How to Change the World, According to the Kids

helping children find their voices through writing letters for change

One of the ways I feel our culture doesn’t do right by kids is that they learn about problems in the world, but aren’t allowed agency to fix those problems. That sense of powerlessness and rolelessness breeds apathy and self-destruction and pretty much every other annoying teenage trait (except maybe the “I know,” stage).

Writing can be a way kids feel the power of their own voices. This happens through so many kinds of writing, especially when kids have good listeners to show their writing to. But I like to use writing to help kids directly speak up for the world they love and the future they deserve.

We do this by writing letters about things we’d like to see change in the world, and mailing them to people who we believe might be in a position to effect that change.

And kids have such a great vision for the world! This year my students wrote letters about many, many things, including:

How to write a letter for change:

  1. Brainstorm about things you’d like to see change in the world. What are some things that make you sad or angry? What do you care about? Do you have any good ideas for how something could be better? This project tends to be the most satisfying for kids who choose things that really matter to them, as opposed to cool ideas for new products. But whatever you want to write about is great — it’s your letter.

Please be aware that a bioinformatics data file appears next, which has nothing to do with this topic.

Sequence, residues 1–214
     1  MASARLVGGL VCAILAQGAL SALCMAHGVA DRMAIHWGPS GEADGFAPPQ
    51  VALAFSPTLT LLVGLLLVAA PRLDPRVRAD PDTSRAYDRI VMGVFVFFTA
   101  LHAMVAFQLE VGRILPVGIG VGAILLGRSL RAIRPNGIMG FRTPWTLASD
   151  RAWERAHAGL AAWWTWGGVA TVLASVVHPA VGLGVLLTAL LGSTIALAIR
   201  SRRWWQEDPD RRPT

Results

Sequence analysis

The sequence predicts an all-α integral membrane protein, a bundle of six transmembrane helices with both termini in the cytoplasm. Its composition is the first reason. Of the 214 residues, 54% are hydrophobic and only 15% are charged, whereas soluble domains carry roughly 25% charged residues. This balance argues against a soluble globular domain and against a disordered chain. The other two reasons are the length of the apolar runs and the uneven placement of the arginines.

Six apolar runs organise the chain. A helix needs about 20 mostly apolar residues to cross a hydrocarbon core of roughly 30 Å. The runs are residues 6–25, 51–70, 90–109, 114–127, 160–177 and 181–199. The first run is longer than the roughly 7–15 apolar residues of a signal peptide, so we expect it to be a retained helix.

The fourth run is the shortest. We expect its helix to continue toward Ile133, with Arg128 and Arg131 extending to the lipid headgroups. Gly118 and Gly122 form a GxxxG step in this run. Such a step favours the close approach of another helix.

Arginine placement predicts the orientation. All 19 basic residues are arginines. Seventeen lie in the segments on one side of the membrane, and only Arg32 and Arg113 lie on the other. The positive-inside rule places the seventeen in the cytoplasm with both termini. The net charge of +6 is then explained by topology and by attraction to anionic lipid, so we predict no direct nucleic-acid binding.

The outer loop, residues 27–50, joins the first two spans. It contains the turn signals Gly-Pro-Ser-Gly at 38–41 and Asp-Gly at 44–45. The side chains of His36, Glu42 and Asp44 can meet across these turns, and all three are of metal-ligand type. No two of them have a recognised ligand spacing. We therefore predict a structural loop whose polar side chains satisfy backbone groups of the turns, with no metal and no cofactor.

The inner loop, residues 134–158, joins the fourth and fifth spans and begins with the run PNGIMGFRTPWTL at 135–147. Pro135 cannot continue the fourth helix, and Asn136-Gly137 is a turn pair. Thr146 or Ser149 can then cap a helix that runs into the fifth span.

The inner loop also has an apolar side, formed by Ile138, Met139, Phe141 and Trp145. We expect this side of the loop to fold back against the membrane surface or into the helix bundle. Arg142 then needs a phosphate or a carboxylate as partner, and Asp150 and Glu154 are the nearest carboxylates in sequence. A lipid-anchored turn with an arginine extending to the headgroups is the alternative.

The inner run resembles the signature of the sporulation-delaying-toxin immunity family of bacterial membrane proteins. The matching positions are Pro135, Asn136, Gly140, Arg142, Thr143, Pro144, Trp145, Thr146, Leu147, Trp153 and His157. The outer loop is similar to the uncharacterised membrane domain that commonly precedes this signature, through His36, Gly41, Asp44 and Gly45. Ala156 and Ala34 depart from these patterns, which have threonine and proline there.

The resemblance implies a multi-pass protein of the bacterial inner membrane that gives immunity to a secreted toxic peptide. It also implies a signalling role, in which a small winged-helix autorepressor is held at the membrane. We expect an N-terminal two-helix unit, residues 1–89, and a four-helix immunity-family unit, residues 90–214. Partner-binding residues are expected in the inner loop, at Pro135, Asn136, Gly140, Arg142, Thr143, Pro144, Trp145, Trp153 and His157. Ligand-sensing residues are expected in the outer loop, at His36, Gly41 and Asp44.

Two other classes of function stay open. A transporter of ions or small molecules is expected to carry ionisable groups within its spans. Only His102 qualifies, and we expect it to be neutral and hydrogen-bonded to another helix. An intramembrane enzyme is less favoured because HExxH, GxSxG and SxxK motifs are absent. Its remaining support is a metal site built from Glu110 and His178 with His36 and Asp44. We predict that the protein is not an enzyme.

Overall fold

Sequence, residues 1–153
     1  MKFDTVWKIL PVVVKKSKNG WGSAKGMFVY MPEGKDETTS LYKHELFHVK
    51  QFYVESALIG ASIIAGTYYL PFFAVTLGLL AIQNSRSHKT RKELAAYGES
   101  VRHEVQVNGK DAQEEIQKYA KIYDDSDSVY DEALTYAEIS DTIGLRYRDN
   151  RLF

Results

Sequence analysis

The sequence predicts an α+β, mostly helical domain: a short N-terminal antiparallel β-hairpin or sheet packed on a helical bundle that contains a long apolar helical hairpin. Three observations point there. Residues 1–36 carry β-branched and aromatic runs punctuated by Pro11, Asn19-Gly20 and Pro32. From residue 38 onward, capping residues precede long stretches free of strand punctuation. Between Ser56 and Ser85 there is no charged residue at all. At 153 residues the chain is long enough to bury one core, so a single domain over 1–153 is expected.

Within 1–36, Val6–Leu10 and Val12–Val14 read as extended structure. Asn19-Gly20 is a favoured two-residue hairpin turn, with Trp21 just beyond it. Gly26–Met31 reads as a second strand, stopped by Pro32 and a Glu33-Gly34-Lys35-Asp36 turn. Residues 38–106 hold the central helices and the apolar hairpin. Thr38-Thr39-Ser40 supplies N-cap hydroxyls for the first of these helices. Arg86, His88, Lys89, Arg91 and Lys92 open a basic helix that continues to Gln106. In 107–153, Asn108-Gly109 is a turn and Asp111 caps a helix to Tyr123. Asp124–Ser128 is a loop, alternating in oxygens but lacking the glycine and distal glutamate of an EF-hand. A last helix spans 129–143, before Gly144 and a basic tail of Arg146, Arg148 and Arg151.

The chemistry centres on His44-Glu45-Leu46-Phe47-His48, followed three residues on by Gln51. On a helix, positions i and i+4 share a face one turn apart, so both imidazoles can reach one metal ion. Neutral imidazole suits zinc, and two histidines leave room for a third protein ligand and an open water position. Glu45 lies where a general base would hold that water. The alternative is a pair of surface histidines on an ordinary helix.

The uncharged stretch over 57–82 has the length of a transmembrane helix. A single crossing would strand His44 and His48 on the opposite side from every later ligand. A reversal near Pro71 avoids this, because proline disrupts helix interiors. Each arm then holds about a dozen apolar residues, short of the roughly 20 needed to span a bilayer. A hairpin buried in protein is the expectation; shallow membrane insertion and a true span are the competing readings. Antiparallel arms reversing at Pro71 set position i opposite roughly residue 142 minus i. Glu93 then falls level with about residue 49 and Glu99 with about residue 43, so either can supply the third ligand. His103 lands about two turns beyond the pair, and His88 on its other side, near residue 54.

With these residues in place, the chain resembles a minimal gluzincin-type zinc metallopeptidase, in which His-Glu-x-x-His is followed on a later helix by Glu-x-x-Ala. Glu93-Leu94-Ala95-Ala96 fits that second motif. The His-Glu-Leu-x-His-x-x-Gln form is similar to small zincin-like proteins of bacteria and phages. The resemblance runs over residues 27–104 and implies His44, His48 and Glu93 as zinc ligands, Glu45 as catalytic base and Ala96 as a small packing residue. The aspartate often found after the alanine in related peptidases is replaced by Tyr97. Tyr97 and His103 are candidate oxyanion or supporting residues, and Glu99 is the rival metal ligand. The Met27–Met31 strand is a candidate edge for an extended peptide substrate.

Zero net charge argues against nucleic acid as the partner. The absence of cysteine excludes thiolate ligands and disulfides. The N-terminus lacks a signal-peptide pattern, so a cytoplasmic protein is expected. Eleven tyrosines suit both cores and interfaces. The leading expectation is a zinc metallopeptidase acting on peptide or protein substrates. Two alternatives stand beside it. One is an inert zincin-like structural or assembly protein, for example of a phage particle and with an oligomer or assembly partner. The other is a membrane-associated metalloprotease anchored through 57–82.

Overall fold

2. Pick a problem.

  3. Think of someone who would be in a position to do something about that problem. They might be an elected official, customer service folks at a company, or your neighbors. When in doubt, write to the president.

  4. Write a rough draft. In your letter, say what the problem is, who you are and why you care, and what you want them to do about it.

  5. Revise your letter. Make sure it is clear, that you actually ask its recipient to do something, and that everything is spelled and punctuated correctly. And is legible.

  6. Address your letter. If you can send a handwritten letter to a snail mail address, that’s the best. But sometimes you have to put it into a consumer response form, or have your parents post it on social media — do whatever you have to do.

  7. Mail it!

Ripples and results:

When we look big problems in the face, I think it’s always important to do so with a sense of hope and community. I want kids to know that many, many people are working hard to care for the world, and that their letters are one drop of water on one side of a scale. We usually talk about how our elected officials tally feedback from their constituents. We talk about ripples and unforeseen effects.

One way my students’ letters have had an effect is in educating me and each other. After hearing their classmate’s letter about the garbage patch, my class started picking up every piece of plastic we see at the river. It’s just one spot on one river going into one ocean, but put the other way, no plastic was going to get into the garbage patch from our part of the river!

We also sometimes get responses. One student’s letter about homelessness in his community was put up on his city’s website. One student who wrote to a lab at MIT about fuel emissions got a whole package of MIT swag and a book about climate change. One student got a personal letter back from Governor Inslee. Another, after writing to the Seattle City Council about making a law about equal wages for men and women got back a multi-page letter explaining labor unions.

The ripples go inward as well, strengthening the children’s voices and their sense of power and connection in the world. And that’s a change I like to see in the world.